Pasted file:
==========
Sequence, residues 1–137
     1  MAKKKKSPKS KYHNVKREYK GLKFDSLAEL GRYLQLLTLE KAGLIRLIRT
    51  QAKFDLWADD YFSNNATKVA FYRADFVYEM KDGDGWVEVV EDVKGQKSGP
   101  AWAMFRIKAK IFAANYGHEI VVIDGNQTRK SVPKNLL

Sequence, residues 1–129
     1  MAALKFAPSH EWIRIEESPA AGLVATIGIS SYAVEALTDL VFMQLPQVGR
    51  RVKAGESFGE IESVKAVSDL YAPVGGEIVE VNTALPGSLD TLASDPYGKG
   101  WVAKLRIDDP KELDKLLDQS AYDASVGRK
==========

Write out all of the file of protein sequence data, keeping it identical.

Sequence, residues 1–137
     1  MAKKKKSPKS KYHNVKREYK GLKFDSLAEL GRYLQLLTLE KAGLIRLIRT
    51  QAKFDLWADD YFSNNATKVA FYRADFVYEM KDGDGWVEVV EDVKGQKSGP
   101  AWAMFRIKAK IFAANYGHEI VVIDGNQTRK SVPKNLL

Sequence, residues 1–129
     1  MAALKFAPSH EWIRIEESPA AGLVATIGIS SYAVEALTDL VFMQLPQVGR
    51  RVKAGESFGE IESVKAVSDL YAPVGGEIVE VNTALPGSLD TLASDPYGKG
   101  WVAKLRIDDP KELDKLLDQS AYDASVGRK